## Abstract

In large-sized atmospheric or oceanic applications of square root or ensemble Kalman filters, it is often necessary to introduce the prior assumption that long-range correlations are negligible and force them to zero using a local parameterization, supplementing the ensemble or reduced-rank representation of the covariance. One classic algorithm to perform this operation consists of taking the Schur product of the ensemble covariance matrix by a local support correlation matrix. However, with this parameterization, the square root of the forecast error covariance matrix is no more directly available, so that any observational update algorithm requiring this square root must include an additional step to compute local square roots from the Schur product. This computation generates an additional numerical cost or produces high-rank square roots, which may deprive the observational update from its original efficiency. In this paper, it is shown how efficient local square root parameterizations can be obtained, for use with a specific square root formulation (i.e., eigenbasis algorithm) of the observational update. Comparisons with the classic algorithm are provided, mainly in terms of consistency, accuracy, and computational complexity. As an application, the resulting parameterization is used to estimate maps of dynamic topography characterizing a basin-scale ocean turbulent flow. Even with this moderate-sized system (a 2200-km-wide square basin with 100-km-wide mesoscale eddies), it is observed that more than 1000 ensemble members are necessary to faithfully represent the global correlation patterns, and that a local parameterization is needed to produce correct covariances with moderate-sized ensembles. Comparisons with the exact solution show that the use of local square roots is able to improve the accuracy of the updated ensemble mean and the consistency of the updated ensemble variance. With the eigenbasis algorithm, optimal adaptive estimates of scaling factors for the forecast and observation error covariance matrix can also be obtained locally at negligible additional numerical cost. Finally, a comparison of the overall computational cost illustrates the decisive advantage that efficient local square root parameterizations may have to deal simultaneously with a larger number of observations and avoid data thinning as much as possible.

## Abstract

In Kalman filter applications, an adaptive parameterization of the error statistics is often necessary to avoid filter divergence, and prevent error estimates from becoming grossly inconsistent with the real error. With the classic formulation of the Kalman filter observational update, optimal estimates of general adaptive parameters can only be obtained at a numerical cost that is several times larger than the cost of the state observational update. In this paper, it is shown that there exists a few types of important parameters for which optimal estimates can be computed at a negligible numerical cost, as soon as the computation is performed using a transformed algorithm that works in the reduced control space defined by the square root or ensemble representation of the forecast error covariance matrix. The set of parameters that can be efficiently controlled includes scaling factors for the forecast error covariance matrix, scaling factors for the observation error covariance matrix, or even a scaling factor for the observation error correlation length scale.

As an application, the resulting adaptive filter is used to estimate the time evolution of ocean mesoscale signals using observations of the ocean dynamic topography. To check the behavior of the adaptive mechanism, this is done in the context of idealized experiments, in which model error and observation error statistics are known. This ideal framework is particularly appropriate to explore the ill-conditioned situations (inadequate prior assumptions or uncontrollability of the parameters) in which adaptivity can be misleading. Overall, the experiments show that, if used correctly, the efficient optimal adaptive algorithm proposed in this paper introduces useful supplementary degrees of freedom in the estimation problem, and that the direct control of these statistical parameters by the observations increases the robustness of the error estimates and thus the optimality of the resulting Kalman filter.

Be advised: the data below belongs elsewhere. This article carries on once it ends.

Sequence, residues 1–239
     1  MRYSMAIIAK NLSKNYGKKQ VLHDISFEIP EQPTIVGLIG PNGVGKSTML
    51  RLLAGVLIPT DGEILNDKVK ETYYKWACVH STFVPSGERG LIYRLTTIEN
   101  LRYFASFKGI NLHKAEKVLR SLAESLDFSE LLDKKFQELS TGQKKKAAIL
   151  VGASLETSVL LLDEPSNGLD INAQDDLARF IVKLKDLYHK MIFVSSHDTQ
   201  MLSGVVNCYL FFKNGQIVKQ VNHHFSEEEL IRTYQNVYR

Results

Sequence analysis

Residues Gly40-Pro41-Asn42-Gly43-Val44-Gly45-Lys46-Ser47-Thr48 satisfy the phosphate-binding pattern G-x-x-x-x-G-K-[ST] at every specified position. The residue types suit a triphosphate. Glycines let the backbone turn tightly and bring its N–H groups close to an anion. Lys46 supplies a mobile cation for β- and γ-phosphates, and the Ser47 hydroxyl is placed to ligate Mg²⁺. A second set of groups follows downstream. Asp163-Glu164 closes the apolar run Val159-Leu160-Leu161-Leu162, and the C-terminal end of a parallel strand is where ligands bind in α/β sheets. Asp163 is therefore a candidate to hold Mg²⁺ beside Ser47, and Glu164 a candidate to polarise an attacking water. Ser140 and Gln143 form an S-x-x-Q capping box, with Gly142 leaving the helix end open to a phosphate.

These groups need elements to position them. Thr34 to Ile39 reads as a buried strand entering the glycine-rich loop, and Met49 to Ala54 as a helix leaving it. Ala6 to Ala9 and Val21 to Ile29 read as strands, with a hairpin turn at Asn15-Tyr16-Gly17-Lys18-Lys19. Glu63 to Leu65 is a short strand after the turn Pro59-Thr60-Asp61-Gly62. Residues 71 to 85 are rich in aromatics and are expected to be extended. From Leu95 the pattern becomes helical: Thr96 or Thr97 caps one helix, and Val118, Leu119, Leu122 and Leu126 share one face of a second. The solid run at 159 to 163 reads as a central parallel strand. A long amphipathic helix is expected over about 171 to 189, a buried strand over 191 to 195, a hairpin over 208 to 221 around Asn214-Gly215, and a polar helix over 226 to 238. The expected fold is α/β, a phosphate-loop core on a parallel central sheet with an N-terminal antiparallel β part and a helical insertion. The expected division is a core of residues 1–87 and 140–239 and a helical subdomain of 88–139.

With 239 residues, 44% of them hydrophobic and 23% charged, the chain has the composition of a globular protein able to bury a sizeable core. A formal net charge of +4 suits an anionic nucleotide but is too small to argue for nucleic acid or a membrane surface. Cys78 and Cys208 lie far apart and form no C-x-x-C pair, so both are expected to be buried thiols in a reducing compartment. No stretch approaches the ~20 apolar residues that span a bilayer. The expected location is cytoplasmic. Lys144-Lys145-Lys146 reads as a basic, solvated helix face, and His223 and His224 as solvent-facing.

## Abstract

In Kalman filter applications, an adaptive parameterization of the error statistics is often necessary to avoid filter divergence, and prevent error estimates from becoming grossly inconsistent with the real error. With the classic formulation of the Kalman filter observational update, optimal estimates of general adaptive parameters can only be obtained at a numerical cost that is several times larger than the cost of the state observational update. In this paper, it is shown that there exists a few types of important parameters for which optimal estimates can be computed at a negligible numerical cost, as soon as the computation is performed using a transformed algorithm that works in the reduced control space defined by the square root or ensemble representation of the forecast error covariance matrix. The set of parameters that can be efficiently controlled includes scaling factors for the forecast error covariance matrix, scaling factors for the observation error covariance matrix, or even a scaling factor for the observation error correlation length scale.

As an application, the resulting adaptive filter is used to estimate the time evolution of ocean mesoscale signals using observations of the ocean dynamic topography. To check the behavior of the adaptive mechanism, this is done in the context of idealized experiments, in which model error and observation error statistics are known. This ideal framework is particularly appropriate to explore the ill-conditioned situations (inadequate prior assumptions or uncontrollability of the parameters) in which adaptivity can be misleading. Overall, the experiments show that, if used correctly, the efficient optimal adaptive algorithm proposed in this paper introduces useful supplementary degrees of freedom in the estimation problem, and that the direct control of these statistical parameters by the observations increases the robustness of the error estimates and thus the optimality of the resulting Kalman filter.